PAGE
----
Like malignant locusts, claims management companies are the financial services equivalent of a biblical plague. They have multiplied, mutated, grown fat and spread principally due to the interminable PPI saga and, like other parasites, they search anxiously for targets anew when their current host shows signs of decline.
Collectively they may be lower than a weasels belly but they do exhibit a form of primitive nous which is best characterised by their ability to appeal to the baser natures of the weak, greedy and opportunistic. They have readily grasped that dubious advertising entreaties are capable of encouraging complaints from the avaricious and the unwitting and they know that, like flinging mud at a wall, some of it will stick.
More importantly they know how to play the system, how to use the Financial Ombudsman Service and the FCA rulebook, both of which contrive to allow such abuse. Consequently CMCs persistently threaten to escalate complaints to the ombudsman, frequently using invective.
The FOS is free for consumers (and those standing behind them) and enables CMCs to toss cases at the FOS with impunity. They know there is a chance that files may have gone astray and they also understand that the FOS’s inquisitorial remit greatly increases the chance of a win. Moreover they are aware that the quality of adjudications is frequently deficient which serves to make it a pretty good gamble. After all, we would all like a bookmaker to offer free bets with a better than 5/2 chance of winning.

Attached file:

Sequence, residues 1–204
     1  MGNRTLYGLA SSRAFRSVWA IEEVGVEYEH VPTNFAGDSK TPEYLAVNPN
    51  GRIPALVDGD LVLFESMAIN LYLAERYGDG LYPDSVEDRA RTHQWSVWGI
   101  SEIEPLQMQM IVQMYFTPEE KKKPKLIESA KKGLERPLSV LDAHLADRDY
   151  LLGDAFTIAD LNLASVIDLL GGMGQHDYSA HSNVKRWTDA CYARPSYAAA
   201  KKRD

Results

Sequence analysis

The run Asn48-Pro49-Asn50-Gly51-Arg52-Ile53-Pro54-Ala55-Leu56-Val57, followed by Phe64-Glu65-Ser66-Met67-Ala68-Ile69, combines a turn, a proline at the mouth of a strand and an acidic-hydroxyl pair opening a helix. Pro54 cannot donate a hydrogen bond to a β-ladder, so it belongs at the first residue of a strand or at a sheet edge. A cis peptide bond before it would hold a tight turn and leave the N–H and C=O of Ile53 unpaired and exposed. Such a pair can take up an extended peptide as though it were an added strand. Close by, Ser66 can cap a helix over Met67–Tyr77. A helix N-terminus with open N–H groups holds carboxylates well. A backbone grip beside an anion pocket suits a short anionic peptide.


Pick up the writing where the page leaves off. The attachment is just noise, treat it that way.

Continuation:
A further unsavoury aspect is that CMCs can embellish, invent, lie and practice all manner of deceit without any prospect of censure. The MOJ seems powerless to stop these antics and the FOS will never accuse the claimant or the CMC of lying. Nor will it report them to the fraud squad as it states that such actions are not within its remit.
All of this places pressure on firms to pay up rather than absorb the costs of investigation, regardless of the complaints merit. This particularly applies to networks as their members, unlike directly authorised firms, will not benefit from the FOS’s 25 annual ‘free’ cases.
Many CMCs advertise for investment, pension and mortgage mis-selling cases using ambiguous phraseology which is designed to capture as many responses as possible.
These often home in on the defunct direct sales firms in the knowledge that files may have gone astray – in other words, easy pickings. The mortgage focus is on the closed sub-prime and self-cert lenders where a potential lack of files, and the possibility that the introducing broker is long-gone, makes the prospect of success a tad higher.
The latest example of artfulness is use of the Data Protection Act.
One adviser recently received two Subject Access Request demands for clients’ mortgage files, each accompanied by a cheque for £10. This is a blatant example of ‘fishing’ where the CMC aims to find some error within the file or some piece of evidence that can be used to instigate a complaint.
This particular CMC takes an upfront fee (which it states as refundable if the claim fails).
I am aware that the MOJ takes a dim view of upfront fees and this action, in combination with the unashamed trawling for non-suitability, should indicate that punitive measures are required. Over to you, MOJ.
Alan Lakey is partner at Highclere Financial Services